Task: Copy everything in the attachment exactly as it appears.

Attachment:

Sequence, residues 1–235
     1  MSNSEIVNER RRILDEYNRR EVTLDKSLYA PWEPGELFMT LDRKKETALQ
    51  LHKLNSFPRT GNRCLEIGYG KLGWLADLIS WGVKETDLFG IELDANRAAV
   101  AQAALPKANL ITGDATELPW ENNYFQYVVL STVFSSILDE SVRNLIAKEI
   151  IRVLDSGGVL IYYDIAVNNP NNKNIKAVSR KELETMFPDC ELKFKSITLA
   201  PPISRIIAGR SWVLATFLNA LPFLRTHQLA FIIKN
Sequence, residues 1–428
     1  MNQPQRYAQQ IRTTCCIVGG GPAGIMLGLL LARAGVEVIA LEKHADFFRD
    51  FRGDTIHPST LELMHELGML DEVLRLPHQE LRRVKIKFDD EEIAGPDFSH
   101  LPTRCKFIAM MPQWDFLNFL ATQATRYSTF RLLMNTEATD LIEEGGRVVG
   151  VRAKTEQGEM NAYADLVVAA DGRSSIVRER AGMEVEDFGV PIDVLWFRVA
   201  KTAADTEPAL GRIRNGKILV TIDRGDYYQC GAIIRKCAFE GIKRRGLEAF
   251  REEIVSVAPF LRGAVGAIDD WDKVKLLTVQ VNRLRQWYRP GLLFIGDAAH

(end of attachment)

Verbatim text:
Sequence, residues 1–235
     1  MSNSEIVNER RRILDEYNRR EVTLDKSLYA PWEPGELFMT LDRKKETALQ
    51  LHKLNSFPRT GNRCLEIGYG KLGWLADLIS WGVKETDLFG IELDANRAAV
   101  AQAALPKANL ITGDATELPW ENNYFQYVVL STVFSSILDE SVRNLIAKEI
   151  IRVLDSGGVL IYYDIAVNNP NNKNIKAVSR KELETMFPDC ELKFKSITLA
   201  PPISRIIAGR SWVLATFLNA LPFLRTHQLA FIIKN
Sequence, residues 1–428
     1  MNQPQRYAQQ IRTTCCIVGG GPAGIMLGLL LARAGVEVIA LEKHADFFRD
    51  FRGDTIHPST LELMHELGML DEVLRLPHQE LRRVKIKFDD EEIAGPDFSH
   101  LPTRCKFIAM MPQWDFLNFL ATQATRYSTF RLLMNTEATD LIEEGGRVVG
   151  VRAKTEQGEM NAYADLVVAA DGRSSIVRER AGMEVEDFGV PIDVLWFRVA
   201  KTAADTEPAL GRIRNGKILV TIDRGDYYQC GAIIRKCAFE GIKRRGLEAF
   251  REEIVSVAPF LRGAVGAIDD WDKVKLLTVQ VNRLRQWYRP GLLFIGDAAH